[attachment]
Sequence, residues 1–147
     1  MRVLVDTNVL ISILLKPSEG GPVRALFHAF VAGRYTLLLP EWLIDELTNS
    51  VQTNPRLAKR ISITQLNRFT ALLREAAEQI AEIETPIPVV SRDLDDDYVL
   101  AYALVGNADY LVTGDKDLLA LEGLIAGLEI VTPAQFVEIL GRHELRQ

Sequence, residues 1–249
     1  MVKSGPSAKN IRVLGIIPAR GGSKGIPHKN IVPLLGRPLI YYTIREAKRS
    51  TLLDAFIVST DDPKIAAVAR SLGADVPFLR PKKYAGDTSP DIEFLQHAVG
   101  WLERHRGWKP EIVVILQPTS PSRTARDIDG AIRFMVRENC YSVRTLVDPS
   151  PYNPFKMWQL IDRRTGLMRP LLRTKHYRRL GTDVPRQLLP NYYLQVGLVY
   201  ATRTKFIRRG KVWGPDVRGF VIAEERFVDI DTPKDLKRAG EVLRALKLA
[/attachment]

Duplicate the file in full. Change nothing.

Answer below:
Sequence, residues 1–147
     1  MRVLVDTNVL ISILLKPSEG GPVRALFHAF VAGRYTLLLP EWLIDELTNS
    51  VQTNPRLAKR ISITQLNRFT ALLREAAEQI AEIETPIPVV SRDLDDDYVL
   101  AYALVGNADY LVTGDKDLLA LEGLIAGLEI VTPAQFVEIL GRHELRQ

Sequence, residues 1–249
     1  MVKSGPSAKN IRVLGIIPAR GGSKGIPHKN IVPLLGRPLI YYTIREAKRS
    51  TLLDAFIVST DDPKIAAVAR SLGADVPFLR PKKYAGDTSP DIEFLQHAVG
   101  WLERHRGWKP EIVVILQPTS PSRTARDIDG AIRFMVRENC YSVRTLVDPS
   151  PYNPFKMWQL IDRRTGLMRP LLRTKHYRRL GTDVPRQLLP NYYLQVGLVY
   201  ATRTKFIRRG KVWGPDVRGF VIAEERFVDI DTPKDLKRAG EVLRALKLA